I apply a self-conscious heuristic — let’s go with the Anglo-Saxon and call it a rule-of-thumb — that more diversity breeds more resilience. In most disaster contexts I do NOT have data or really much evidence that this assumption or principle or guess accurately fits the immediate problem-context. But I have seen enough data and evidence from analogous situations that I tend to make decisions that depend on the claim. (Such as here and here and here.)
Rigorous empiricists offer increasing evidence that takes us well-beyond inspired (or delusional) analogies. Late last week Nature, one of the most prestigious peer-reviewed journals, published, “Supply chain diversity buffers cities against food shocks“. The title states the claim. The paper organizes and analyzes data that persuasively demonstrates the claim.
The authors (two of whom I know), write, “For cities in the USA, the probability of an annual food supply shock S being greater than a shock intensity s, P(S > s) (see Methods), declines as the diversity D of a city’s food inflows supply chain increases … Using data for 284 cities and 4 food sectors, the annual probabilities of food supply shocks are calculated by measuring, for each city and food sector, the maximum food supply departure from the annual average during 2012−2015 (Methods). We utilize a total of 4,884 buyer–supplier subgraphs and 1,221 time series to calculate P(S > s) and D. Our results indicate that with greater supply chain diversity D, cities are more likely to avoid or resist shocks of increasing intensity (3%, 5%, 10% and 15%; Fig. 1a).”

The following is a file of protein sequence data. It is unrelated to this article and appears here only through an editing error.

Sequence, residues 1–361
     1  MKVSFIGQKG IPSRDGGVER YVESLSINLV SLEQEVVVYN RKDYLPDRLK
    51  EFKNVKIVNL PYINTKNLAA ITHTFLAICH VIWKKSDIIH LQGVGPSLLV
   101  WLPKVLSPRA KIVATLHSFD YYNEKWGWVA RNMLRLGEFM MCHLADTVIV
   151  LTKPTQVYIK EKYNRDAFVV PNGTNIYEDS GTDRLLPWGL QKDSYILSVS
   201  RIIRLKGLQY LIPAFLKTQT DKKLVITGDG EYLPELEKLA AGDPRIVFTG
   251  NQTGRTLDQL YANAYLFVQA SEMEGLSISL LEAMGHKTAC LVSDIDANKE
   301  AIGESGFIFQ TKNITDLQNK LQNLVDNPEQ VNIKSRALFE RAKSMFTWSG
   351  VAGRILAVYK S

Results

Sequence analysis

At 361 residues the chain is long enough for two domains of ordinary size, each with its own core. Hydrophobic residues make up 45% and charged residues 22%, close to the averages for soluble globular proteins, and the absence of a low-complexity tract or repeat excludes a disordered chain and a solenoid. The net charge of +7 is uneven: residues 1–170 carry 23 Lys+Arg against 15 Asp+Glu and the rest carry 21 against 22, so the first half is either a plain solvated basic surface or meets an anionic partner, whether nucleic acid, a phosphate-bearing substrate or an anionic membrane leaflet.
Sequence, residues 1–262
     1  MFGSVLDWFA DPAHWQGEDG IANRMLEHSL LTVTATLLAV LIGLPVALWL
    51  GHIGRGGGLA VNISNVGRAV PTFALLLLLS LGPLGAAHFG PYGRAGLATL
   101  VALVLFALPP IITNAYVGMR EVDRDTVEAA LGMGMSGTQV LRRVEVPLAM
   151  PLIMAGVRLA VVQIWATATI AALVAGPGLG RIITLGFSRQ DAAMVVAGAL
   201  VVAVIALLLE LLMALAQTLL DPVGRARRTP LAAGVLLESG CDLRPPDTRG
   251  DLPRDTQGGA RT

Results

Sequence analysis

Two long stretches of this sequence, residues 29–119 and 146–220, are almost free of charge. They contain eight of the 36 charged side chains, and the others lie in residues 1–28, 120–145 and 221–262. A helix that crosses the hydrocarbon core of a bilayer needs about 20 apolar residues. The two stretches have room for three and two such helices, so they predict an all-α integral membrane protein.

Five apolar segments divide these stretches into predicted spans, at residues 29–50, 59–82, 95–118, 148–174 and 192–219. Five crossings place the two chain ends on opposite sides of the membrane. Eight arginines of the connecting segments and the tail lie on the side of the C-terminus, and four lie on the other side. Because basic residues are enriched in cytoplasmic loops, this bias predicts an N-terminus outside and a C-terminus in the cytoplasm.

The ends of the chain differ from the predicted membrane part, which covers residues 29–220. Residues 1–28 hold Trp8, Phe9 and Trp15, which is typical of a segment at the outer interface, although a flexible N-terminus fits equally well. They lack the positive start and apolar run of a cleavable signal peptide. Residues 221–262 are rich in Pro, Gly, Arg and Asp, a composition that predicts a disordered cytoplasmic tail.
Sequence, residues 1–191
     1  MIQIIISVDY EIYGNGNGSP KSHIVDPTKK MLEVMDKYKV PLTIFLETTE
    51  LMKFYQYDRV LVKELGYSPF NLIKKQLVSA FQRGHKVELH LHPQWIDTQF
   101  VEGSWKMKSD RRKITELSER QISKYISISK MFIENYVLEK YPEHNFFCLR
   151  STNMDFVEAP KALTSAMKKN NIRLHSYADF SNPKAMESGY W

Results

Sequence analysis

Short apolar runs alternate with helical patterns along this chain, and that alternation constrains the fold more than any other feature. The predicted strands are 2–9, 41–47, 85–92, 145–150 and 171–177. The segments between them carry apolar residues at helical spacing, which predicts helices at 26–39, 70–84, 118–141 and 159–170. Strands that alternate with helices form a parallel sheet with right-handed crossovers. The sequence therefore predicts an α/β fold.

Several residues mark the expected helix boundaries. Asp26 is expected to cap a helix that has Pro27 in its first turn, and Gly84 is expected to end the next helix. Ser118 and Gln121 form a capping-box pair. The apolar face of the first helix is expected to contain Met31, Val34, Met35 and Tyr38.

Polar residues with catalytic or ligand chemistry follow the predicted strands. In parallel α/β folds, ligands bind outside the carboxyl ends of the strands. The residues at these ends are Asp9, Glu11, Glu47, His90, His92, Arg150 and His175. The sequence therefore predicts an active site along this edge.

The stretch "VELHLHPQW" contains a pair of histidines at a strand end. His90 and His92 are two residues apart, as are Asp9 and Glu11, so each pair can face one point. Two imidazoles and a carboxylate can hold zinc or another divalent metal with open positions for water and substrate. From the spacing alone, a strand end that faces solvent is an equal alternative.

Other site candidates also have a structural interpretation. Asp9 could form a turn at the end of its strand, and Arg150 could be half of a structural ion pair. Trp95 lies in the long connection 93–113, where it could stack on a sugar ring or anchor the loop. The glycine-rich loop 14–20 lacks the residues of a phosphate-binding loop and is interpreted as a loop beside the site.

It is an academic paper using scholarly language and calculus. The reasoning is, still, clear enough. Absolutely worth reading.